Hanna

"Opportunity is missed by most people because it is dressed in overalls and looks like work."

Argumentative Essay on Government Control Over Obesity—a Reflection

What you did well in your essay

My evidence was well matched with my reasoning and sub-claims, and the pieces of evidence in each paragraph and under each claim are placed in a smooth flow. I was able to link pieces together without making the logic jumpy.

What you might like to improve

  1. There are definitely times when I use excessive phraseology. For example, “Therefore, having central power—the government—attempt to control such a complex matter would not only cause bias towards the obese population, but also those who are most likely to fall into the obese population”; that could be shortened down to, “Therefore, government control over obesity causes bias towards obese people and related communities”.
  2. In places like “this also did no good to the economy, since the action worked only to the advantage of one group”, it was not clear what the advantage and the one group were, so the link between economic harm and partial growth of companies was not clear.

Are there any areas where you marked yourself differently than Ms. Rivera? What are you thoughts?

On the concluding statement of a paragraph/argument, I mistook the concluding statement for the conclusion. If I were to reflect on my concluding statements, I would say that there was a lack of insight inside the heart of the argument. In short, some impacts were missing and the importance f my claims should be explained more clearly.

What was the biggest challenge that you faced while researching, planning and writing this essay? How did you overcome this challenge?

A challenge I faced was revealing sentiment under the pressures of a formal tone, clear logic, and not being dramatic. I found that the best way was to use an external factor—in this case what the rest of world thought—to deliver a wider, and slightly more emotional view. For example, stigma and bias were mentioned to relate a happening to what the world thought about it, instead of what I alone thought about it.

Smell Detector CIA_14

In the second unit of product design, we were presented a challenge to create a device that would recognize smell. This device would help people who are searching for the origin of a smell.

I created a two-piece device: Glasses to display smell density and a phone-like machine to detect and document smell.

The handheld device has vents on its back that allow the input of air; the air enables the machine to process smell and identify smell density of the environment around the user. The cord (represented by white string) delivers the display to the glasses, where smell density is shown in the same way as heat detectors show heat—through different shades.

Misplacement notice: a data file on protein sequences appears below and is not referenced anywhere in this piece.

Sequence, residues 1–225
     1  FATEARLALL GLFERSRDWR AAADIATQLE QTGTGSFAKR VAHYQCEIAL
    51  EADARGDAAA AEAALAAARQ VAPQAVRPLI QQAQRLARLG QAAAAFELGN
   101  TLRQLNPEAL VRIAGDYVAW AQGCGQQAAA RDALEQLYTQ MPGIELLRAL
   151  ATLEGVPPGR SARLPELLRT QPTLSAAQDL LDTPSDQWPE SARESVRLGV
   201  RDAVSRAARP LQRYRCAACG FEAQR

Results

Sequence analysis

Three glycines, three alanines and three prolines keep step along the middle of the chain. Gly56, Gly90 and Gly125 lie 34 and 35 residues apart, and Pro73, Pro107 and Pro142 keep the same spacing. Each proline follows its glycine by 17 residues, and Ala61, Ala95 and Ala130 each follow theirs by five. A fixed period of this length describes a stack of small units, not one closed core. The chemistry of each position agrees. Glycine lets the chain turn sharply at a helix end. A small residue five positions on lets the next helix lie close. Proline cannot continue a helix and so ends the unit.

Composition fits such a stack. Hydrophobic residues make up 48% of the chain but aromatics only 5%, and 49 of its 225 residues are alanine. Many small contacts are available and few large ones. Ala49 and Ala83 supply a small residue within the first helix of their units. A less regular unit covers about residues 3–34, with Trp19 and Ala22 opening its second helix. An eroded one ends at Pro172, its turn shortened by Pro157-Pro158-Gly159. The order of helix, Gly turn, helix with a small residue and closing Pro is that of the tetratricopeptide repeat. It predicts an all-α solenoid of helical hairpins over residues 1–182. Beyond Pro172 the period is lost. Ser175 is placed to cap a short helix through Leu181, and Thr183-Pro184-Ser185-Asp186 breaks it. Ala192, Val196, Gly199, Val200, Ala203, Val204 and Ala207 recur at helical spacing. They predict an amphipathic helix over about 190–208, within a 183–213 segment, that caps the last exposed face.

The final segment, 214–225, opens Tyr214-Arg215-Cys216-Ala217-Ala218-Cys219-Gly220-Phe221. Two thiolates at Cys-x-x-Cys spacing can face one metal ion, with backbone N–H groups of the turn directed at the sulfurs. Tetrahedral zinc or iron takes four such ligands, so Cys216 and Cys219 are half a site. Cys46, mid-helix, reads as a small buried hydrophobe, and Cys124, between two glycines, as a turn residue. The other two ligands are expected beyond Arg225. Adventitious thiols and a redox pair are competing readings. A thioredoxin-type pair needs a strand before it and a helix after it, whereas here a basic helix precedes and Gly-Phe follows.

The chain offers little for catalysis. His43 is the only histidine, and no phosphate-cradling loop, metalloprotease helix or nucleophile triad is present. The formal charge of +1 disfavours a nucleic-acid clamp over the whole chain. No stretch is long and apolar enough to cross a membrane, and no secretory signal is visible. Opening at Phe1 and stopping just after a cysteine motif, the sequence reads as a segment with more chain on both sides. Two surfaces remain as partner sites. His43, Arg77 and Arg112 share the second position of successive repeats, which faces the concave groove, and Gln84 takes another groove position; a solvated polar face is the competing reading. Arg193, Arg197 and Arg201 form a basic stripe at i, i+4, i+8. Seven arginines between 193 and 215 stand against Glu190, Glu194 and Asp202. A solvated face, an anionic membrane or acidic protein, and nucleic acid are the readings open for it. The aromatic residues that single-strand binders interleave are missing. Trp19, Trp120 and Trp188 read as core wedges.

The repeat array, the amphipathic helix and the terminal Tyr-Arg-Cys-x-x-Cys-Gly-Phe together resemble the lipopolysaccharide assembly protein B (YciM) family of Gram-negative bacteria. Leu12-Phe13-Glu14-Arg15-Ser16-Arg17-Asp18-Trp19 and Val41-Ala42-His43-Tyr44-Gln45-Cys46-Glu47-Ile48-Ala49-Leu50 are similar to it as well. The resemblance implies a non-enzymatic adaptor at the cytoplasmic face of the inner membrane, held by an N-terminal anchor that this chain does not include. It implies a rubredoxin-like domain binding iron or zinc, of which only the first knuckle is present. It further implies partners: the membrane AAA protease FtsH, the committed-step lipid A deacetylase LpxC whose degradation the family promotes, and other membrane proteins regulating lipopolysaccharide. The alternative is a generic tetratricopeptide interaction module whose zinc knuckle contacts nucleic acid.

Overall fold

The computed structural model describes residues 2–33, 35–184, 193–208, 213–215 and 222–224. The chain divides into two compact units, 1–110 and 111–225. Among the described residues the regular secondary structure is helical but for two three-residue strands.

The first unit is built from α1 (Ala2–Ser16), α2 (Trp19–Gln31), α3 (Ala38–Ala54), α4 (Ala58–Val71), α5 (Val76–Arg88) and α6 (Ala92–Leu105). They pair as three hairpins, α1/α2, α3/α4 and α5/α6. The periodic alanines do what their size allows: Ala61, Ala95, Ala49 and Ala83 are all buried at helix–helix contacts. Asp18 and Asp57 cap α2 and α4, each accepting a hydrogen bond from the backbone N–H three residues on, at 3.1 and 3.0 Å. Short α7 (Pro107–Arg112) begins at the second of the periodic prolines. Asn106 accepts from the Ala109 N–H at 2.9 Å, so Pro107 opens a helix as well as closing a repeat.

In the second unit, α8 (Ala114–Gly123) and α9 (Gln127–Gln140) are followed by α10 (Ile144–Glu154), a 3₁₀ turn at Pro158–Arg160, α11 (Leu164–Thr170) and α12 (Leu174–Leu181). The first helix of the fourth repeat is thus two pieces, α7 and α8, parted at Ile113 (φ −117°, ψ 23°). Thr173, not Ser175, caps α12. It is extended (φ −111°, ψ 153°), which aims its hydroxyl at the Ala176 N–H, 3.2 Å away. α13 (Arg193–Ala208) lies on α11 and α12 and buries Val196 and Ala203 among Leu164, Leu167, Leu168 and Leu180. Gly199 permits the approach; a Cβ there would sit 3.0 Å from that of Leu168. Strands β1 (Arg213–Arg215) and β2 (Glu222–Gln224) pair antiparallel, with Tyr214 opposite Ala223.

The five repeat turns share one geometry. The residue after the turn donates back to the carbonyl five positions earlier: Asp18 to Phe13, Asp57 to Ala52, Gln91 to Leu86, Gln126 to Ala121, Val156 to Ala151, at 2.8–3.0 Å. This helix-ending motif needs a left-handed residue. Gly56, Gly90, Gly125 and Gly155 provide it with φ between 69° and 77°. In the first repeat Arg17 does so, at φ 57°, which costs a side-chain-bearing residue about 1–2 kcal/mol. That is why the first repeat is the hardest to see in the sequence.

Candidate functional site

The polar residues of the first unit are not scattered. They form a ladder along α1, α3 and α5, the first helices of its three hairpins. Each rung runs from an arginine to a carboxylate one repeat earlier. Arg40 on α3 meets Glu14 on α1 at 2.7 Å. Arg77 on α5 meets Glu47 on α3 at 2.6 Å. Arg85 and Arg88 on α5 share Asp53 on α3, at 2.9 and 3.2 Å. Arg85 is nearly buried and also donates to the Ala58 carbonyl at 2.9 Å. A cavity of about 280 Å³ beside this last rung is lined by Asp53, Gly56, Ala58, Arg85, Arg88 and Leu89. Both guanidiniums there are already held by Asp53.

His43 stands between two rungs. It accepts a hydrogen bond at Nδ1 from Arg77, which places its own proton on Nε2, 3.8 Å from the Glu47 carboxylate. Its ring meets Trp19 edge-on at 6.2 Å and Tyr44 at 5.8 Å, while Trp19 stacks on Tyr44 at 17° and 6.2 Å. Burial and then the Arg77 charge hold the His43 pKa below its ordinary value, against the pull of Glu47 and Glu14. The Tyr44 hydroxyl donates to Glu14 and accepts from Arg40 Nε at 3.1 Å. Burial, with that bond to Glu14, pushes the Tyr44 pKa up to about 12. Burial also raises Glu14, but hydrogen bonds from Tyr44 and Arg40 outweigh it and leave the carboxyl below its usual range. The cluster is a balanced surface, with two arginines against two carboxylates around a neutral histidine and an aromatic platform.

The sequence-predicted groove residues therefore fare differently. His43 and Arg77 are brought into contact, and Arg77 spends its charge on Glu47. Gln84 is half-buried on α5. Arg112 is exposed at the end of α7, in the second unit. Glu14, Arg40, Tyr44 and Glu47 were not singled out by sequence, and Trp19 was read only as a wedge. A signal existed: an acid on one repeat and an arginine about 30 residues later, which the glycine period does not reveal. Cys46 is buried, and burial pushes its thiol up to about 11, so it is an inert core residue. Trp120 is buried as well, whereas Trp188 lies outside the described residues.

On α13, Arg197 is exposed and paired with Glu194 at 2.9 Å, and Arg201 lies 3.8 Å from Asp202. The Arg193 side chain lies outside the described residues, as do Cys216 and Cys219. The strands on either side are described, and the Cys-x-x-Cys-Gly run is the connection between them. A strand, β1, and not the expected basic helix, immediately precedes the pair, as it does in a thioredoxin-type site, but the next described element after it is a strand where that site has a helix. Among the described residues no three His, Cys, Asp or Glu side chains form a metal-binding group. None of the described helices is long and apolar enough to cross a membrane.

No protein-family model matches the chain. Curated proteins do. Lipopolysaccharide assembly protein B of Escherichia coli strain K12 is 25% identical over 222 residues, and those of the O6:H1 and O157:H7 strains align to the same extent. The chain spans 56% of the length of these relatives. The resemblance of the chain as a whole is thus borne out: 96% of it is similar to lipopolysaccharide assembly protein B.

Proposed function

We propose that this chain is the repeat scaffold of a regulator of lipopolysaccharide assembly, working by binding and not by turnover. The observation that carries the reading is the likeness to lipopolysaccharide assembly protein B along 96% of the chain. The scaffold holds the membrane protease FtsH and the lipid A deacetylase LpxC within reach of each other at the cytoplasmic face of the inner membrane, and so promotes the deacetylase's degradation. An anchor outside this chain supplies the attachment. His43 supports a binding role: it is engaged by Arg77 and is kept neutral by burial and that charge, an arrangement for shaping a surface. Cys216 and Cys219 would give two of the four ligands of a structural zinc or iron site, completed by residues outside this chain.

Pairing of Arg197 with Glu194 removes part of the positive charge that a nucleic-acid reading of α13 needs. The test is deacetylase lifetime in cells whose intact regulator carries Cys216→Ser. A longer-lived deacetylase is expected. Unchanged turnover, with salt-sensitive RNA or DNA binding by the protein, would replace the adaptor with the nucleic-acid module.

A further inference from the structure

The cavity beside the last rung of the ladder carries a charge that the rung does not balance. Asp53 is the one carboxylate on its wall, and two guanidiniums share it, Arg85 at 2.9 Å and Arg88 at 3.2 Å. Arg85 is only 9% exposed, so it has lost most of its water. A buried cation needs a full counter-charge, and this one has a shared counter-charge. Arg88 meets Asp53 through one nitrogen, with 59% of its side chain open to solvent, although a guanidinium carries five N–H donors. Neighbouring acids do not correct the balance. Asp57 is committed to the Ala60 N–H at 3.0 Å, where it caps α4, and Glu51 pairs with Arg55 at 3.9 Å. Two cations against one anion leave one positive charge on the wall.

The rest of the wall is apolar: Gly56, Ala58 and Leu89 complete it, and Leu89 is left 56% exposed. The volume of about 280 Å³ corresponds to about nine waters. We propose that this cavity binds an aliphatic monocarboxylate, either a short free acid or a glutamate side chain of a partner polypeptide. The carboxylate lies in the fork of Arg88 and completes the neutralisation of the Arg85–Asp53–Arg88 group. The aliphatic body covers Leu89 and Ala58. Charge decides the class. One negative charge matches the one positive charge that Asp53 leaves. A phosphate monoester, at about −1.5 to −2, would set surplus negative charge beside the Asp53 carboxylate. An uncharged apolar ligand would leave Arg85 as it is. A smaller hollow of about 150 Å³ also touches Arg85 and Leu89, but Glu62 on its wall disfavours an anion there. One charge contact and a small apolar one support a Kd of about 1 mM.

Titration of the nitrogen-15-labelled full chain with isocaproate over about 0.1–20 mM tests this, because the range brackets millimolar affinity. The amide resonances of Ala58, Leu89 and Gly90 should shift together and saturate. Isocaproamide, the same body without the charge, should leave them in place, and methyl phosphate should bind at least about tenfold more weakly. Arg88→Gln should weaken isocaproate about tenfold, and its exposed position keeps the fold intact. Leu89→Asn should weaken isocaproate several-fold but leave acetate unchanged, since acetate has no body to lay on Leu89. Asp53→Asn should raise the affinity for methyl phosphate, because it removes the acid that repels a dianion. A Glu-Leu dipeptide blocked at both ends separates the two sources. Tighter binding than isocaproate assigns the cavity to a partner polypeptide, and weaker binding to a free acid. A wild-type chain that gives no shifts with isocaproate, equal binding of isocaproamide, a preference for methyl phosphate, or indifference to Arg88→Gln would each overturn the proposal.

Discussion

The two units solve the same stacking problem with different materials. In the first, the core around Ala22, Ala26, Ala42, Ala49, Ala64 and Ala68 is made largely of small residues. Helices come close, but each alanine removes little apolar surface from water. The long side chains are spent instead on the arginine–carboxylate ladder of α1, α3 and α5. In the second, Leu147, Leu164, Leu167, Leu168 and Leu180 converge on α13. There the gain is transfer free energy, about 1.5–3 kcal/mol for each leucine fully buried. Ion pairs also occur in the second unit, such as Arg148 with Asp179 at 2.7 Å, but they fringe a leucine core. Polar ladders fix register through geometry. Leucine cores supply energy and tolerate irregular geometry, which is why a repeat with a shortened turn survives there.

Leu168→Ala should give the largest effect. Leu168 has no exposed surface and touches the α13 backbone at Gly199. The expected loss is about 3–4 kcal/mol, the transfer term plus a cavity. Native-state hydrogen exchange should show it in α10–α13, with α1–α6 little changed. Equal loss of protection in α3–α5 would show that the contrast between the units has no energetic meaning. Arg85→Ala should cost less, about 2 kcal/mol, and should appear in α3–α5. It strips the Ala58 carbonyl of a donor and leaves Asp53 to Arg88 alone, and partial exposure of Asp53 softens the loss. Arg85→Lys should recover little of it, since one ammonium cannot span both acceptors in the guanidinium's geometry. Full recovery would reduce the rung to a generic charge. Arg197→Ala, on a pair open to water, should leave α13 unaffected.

Furthermore, the handheld device has another function: one can document a smell on it (associating it with a location) and search a smell on it, if it was already documented. This is shown on the screen of the model device.

 

 

 

Pacific Park Lightbox Reflection

For our first unit in product design, we were set on the task of creating a lightbox; inside the lightbox, we were to put representations of places we missed or places holding significant meaning for us. I selected Pacific Park in Santa Monica, where mom had taken me on one of those business trips her company sends employees on. There we touched the sky on the ferris wheel, grazed the sea on the roller coaster, and felt the ground on the dock. However, mom’s company had refrained from starting these journeys due to the coronavirus outbreak, and Pacific Park had since become a place I could but miss. Throughout this adventure, there had been highs and lows, some of which I will now reflect on.

The most important thing that I succeeded on was definitely the overall structuring of the lightbox, specifically the inside. To start with, I had located the ferris wheel on the side, in a position where a quarter of the circle was hidden; I had wished to do this because I thought it would be appropriate for the main object to not be square in the center. As I continued altering the format in Illustrator, though, I started thinking that such a small object—the lightbox—needs direct showcasing to make the main object pop. Furthermore, the ferris wheel was constructed with very thin lines, meaning putting it on the side would not help its visibility. To further pronounce a connection throughout all the layers, I changed the placement of the dock to the middle as well, to balance out the levels and create a link through the space in the box. With these decisions, I have achieved a prominent pop-out of the dock, which layers onto the rollercoaster on the side that goes on top of the ferris wheel in the center; this is then followed with a very subtle background of the cityscape, creating a balanced panorama.

On the other side, I would change some mistakes on the detail front. First, one thing that occurs most to me is the mobility of the LED wire. I had twisted my piece into the shape of a rotated square bracket ( [ ) so that it shines both down and around. I placed the lights on the “roof” of the inside of the box, with its twisted angles poking into the corners in order for it to not move. Despite this, it stills hangs somewhat crookedly, none of the sides straight and a lot of tilting. This definitely has an effect on the appearance of the lightbox once the light is lit, and is something I would want to change. Second—this might be a small flaw but it really digs a hole in perfection, I placed the dock layer too hastily, and it is slightly slanted. This leads to the bigger problem of my cover, when placed in the box, tilting as well, which make the box errant. Lastly, I would want to slightly fix my paint job so that the dock, roller coaster and ferris wheel are more visible and differs from the buildings and the sky. I would add details on them, for example putting lines around on the inside of the ferris wheel.